In today’s information environment, clients can evaluate offers from multiple financial institutions at the click of a button. They can search for the products and services they need and find a plethora of options, all very similar. According to the book, Differentiate or Die, the banking industry has a differentiation score of 0, meaning clients see absolutely no difference from one financial institution to the next.
This means that there are only a few unique selling points left for a financial institution, with the most impactful being the banker. Even as the financial services industry moves toward online banking and mobile banking, customers still demand personal relationships with their institutions. Studies show that a third of banking clients consider personal relationships to be highly important. (Ernst & Young)
But what exactly does a ‘personal relationship’ between a client and a financial institution look like?
Intimate, advisory-level service with bankers and associates both in-branch and when reaching out over the phone or other platforms.
The more that the client is able to establish a relationship with the people who operate your branches, the more trust that they will give your financial institution. And in the world of banking, the more a client trusts their financial institution, the more products and services they have from them.
Currently, the typical household has 16 financial products, yet less than 3 of those are provided by a single financial institution. How can you change this? By establishing a stronger personal relationship with your clients. Personally-connected clients are invaluable: studies show that clients who are satisfied with their financial institution have a higher number of products from that particular institution. (Deloitte)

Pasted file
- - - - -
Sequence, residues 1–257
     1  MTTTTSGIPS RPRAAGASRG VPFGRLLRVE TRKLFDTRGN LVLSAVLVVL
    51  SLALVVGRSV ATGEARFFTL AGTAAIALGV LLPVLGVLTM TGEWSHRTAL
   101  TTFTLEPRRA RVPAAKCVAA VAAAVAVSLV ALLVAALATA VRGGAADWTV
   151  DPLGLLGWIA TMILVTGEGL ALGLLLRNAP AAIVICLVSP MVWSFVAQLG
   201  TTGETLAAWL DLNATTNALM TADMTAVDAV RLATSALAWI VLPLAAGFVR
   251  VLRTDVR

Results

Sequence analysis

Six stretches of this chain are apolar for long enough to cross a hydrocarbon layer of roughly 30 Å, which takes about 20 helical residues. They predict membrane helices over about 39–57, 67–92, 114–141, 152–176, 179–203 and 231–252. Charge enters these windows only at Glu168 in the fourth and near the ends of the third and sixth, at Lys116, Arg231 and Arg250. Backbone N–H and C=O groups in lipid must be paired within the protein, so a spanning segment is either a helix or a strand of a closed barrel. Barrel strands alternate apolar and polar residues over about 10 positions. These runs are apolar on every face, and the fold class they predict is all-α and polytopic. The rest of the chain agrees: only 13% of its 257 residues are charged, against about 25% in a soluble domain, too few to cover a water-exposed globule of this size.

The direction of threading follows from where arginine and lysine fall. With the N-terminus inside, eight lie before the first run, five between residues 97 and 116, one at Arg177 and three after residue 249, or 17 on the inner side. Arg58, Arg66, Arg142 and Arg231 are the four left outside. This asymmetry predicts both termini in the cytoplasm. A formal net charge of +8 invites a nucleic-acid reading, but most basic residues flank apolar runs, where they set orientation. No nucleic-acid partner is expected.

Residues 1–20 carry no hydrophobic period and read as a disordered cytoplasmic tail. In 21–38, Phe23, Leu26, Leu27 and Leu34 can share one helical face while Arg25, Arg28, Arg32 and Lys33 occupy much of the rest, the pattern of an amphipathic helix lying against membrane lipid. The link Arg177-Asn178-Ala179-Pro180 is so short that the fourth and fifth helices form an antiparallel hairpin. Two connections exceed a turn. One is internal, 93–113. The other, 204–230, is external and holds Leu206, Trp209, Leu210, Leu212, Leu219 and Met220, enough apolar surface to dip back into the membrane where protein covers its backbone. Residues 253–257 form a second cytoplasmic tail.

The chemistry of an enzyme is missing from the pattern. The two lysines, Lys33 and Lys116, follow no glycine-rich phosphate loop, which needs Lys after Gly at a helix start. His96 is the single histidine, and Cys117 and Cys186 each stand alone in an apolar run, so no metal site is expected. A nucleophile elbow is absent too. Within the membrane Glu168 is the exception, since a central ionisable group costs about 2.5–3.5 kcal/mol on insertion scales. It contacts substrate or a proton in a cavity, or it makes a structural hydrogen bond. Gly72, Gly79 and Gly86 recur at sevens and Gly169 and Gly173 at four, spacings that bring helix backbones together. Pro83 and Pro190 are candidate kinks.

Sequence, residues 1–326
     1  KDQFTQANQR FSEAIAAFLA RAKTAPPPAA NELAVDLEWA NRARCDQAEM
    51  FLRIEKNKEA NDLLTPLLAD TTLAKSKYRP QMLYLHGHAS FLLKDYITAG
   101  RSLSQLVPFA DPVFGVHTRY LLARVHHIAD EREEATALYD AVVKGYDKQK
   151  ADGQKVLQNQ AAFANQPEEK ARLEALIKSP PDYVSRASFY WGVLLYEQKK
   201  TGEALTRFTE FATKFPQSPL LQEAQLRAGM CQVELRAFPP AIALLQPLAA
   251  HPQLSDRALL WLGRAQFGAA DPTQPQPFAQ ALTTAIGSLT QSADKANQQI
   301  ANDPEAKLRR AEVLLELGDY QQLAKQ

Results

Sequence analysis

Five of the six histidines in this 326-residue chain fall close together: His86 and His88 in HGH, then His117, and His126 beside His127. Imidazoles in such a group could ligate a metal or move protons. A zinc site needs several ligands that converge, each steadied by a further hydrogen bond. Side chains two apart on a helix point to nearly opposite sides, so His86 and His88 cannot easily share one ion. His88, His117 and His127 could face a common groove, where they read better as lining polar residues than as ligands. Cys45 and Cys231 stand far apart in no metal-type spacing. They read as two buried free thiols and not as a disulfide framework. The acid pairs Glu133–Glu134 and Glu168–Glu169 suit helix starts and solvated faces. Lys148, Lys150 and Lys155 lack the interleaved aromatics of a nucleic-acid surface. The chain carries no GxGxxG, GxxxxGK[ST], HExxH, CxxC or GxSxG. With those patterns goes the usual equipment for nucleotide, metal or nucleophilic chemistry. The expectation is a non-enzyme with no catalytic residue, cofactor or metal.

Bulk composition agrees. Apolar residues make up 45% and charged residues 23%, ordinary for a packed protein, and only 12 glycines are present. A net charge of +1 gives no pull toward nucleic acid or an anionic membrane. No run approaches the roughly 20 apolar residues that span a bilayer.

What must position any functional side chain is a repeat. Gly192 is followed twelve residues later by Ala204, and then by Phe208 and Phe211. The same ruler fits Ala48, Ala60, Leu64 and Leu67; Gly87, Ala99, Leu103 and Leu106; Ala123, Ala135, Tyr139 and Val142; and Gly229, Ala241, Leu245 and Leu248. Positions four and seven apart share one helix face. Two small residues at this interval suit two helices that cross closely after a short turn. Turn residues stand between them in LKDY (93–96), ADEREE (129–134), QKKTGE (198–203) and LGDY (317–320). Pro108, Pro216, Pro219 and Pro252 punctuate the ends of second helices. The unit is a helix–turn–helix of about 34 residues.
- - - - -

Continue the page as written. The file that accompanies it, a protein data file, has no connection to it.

The most effective methods for establishing this personal, emotionally-charged relationship include:
- Training staff on how to shift from transactional to advisory services.
- Switching out locked-down teller lines for teller towers, and replacing confining offices and cubicles with service spots and flex spaces.
- Operating on the Universal Associate Model.
- Providing clients with flexible banking options, like self-service solutions and mobile banking.
- Offering hip-to-hip service by arming associates with tablets that allow them to meet clients at the door and continue to provide service from the time they enter to the time they leave the branch.
Customization in all types of communication, from digital signage to email marketing to a 1:1 client-associate interaction.
The traditional branch relies on printed brochures, static signs and generic messaging to speak to, and influence, their clients. These methods fail to grab the attention of clients because they don’t speak to their individual needs or desires, and in today’s data-driven world there is no excuse for that.
With the right technology, banks and credit unions can capture client information and then use it to provide relevant information on what the client has actually expressed interest in via in-branch and digital messaging. Two examples of technologies that make this possible are:
- Incyte: An analytics tool that can be placed on the back-end of your interactive screens, this software alerts associates in real-time when a client is interacting with an interactive display. Incyte also provides a dashboard where marketing and retail teams can gather data on what messaging is and is not resonating with clients.
- Financial HealthCheck: An application that allows clients to answer a few questions with their personal information to test their financial health and identify financial goals. Financial institutions can then use this data to personalize their message and target these clients with information on which products and services can be used to reach these goals.